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  • Writer's pictureJudy Keffer

Whole Heartedly Welcome

The one organ in our bodies that we really should pay more attention to is our heart. There exists more expressions and metaphors about the heart than any other organ in the body. In common parlance the heart is often spoken of as a center of thought, feeling, and personality. Yet we hardly ever consider these as reflecting scientifically valid observations. It turns out these expressions are closer to recent discoveries in cardiac function than anyone in academia previously assumed. Like the digestive tract, but even more so, the heart is connected to the brain by the vagus nerve and the autonomic nervous system. The heart is also part of the body's endocrine system and secretes hormones of its own. Furthermore, it generates a unique electromagnetic field that affects the rest of the body and extends several feet beyond.

The heart sends signals continuously to the brain influence the function of higher brain centers involved in perception, cognition, and emotional processing, and vice versa because of this feedback loop. It is not surprising that people who suffer from depression, or schizophrenia, or simply too much stress, have been shown to be at a higher risk to develop heart disease than emotionally healthy individuals. The heart's brain consists of an intricate network of several types of neurons, transmitters, proteins, and immune cells, similar to those found in the enskulled brain. This heart - brain enables the heart to act independently of the cranial brain - to learn, remember, and even feel and sense. Considering the evidence for information/ memory being stored in all the cells in our bodies-the organizing principle of this book- it seems reasonable to assume that the cardiac cells would be no exception to that, and if anything, more likely to carry data of a personal nature. Consequently, it is not a surprising that sensitive transplant patients may manifest personality changes that parallel. The experience is, likes, dislikes, and temperament of the donor. We know that life is built on the interactions of signaling entities: communities, people, organs, cells, bacteria, and even viruses. Whether we are conscious of it or not all the cells in our body - neurons, immune cells, and somatic cells in concert with the tissues of the heart, our genome, the enteric nervous system, and the microbiome form networks that connect to the enskulled brain and form the seedbed of the Embodied Mind. All memories, consciousness, and the mind emerge from this dynamic, linked sentient network.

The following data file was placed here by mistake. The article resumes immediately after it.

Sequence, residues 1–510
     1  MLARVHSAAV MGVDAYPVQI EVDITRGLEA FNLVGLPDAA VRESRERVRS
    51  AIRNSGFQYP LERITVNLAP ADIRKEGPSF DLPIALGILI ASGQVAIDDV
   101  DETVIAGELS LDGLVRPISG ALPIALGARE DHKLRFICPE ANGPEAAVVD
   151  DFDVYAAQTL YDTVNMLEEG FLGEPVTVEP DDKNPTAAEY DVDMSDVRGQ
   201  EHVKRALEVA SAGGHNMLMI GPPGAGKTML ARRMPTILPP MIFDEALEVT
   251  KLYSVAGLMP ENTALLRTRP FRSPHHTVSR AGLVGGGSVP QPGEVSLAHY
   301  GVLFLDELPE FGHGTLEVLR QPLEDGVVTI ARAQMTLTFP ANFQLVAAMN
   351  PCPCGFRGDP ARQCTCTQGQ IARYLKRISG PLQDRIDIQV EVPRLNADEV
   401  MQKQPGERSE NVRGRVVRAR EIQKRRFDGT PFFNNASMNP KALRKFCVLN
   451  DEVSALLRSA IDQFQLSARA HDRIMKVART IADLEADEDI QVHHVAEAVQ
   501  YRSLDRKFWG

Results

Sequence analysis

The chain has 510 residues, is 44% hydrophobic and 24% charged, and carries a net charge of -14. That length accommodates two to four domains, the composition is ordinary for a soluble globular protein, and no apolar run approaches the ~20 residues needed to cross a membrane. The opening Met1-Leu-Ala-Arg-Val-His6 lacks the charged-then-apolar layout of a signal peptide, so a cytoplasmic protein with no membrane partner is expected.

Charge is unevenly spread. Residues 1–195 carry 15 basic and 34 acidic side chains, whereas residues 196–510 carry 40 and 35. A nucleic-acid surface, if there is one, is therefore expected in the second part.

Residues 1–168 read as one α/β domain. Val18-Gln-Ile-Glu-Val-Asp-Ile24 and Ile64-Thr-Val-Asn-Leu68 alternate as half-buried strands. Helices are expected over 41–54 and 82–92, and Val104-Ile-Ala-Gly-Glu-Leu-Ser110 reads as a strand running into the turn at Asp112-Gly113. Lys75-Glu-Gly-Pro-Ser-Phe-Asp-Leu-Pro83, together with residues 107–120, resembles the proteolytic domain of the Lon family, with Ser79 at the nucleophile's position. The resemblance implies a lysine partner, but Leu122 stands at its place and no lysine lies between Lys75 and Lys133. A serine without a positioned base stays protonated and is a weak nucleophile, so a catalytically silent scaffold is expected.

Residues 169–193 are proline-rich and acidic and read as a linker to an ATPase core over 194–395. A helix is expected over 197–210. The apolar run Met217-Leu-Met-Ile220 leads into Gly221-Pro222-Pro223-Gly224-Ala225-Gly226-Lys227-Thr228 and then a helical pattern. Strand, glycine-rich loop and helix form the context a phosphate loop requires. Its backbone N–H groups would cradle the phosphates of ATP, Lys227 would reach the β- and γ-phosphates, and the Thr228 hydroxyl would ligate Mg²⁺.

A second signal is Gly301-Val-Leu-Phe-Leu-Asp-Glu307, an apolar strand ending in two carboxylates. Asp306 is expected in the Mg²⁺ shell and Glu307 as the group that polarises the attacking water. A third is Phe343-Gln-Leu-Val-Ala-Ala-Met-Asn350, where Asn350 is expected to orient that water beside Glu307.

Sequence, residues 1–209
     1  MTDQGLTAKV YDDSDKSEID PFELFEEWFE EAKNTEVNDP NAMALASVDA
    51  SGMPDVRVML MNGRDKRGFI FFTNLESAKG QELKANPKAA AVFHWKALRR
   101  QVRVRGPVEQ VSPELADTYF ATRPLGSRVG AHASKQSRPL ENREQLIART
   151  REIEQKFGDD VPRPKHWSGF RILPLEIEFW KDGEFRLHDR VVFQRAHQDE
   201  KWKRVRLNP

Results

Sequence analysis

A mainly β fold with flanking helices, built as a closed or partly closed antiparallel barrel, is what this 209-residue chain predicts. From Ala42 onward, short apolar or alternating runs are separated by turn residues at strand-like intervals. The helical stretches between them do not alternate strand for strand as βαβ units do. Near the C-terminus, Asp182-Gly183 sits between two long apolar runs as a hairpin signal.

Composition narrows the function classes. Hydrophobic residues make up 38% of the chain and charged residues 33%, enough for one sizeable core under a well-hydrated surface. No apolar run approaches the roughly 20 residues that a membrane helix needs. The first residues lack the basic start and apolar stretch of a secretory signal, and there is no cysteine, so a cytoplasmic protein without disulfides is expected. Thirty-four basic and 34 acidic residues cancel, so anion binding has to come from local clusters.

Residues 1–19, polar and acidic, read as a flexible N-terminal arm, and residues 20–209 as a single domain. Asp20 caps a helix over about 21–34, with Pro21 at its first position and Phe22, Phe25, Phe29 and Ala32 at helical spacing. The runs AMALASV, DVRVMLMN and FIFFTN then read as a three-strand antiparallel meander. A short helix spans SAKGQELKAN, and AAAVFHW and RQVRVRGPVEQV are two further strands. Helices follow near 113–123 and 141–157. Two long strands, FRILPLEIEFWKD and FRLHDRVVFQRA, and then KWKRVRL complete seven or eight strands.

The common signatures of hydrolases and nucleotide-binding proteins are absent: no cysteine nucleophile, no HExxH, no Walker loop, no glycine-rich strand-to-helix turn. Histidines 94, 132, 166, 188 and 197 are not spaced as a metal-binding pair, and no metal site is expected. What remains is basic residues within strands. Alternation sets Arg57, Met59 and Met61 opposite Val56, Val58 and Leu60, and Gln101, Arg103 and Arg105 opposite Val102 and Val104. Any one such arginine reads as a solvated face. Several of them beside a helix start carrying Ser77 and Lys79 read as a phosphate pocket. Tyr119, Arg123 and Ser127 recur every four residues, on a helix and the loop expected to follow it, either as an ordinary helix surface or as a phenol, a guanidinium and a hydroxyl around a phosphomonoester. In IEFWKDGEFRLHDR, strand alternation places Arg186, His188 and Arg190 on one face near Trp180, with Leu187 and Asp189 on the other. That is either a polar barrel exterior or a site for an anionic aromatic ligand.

** This excerpt from Dr. Verney's book Embodied Mind is a beautiful reminder of the importance of our Heart. He touches in on the general understanding that science is now acknowledging what and what the spiritual sages, poets and other artists: sensitive human beings have known long long ago.

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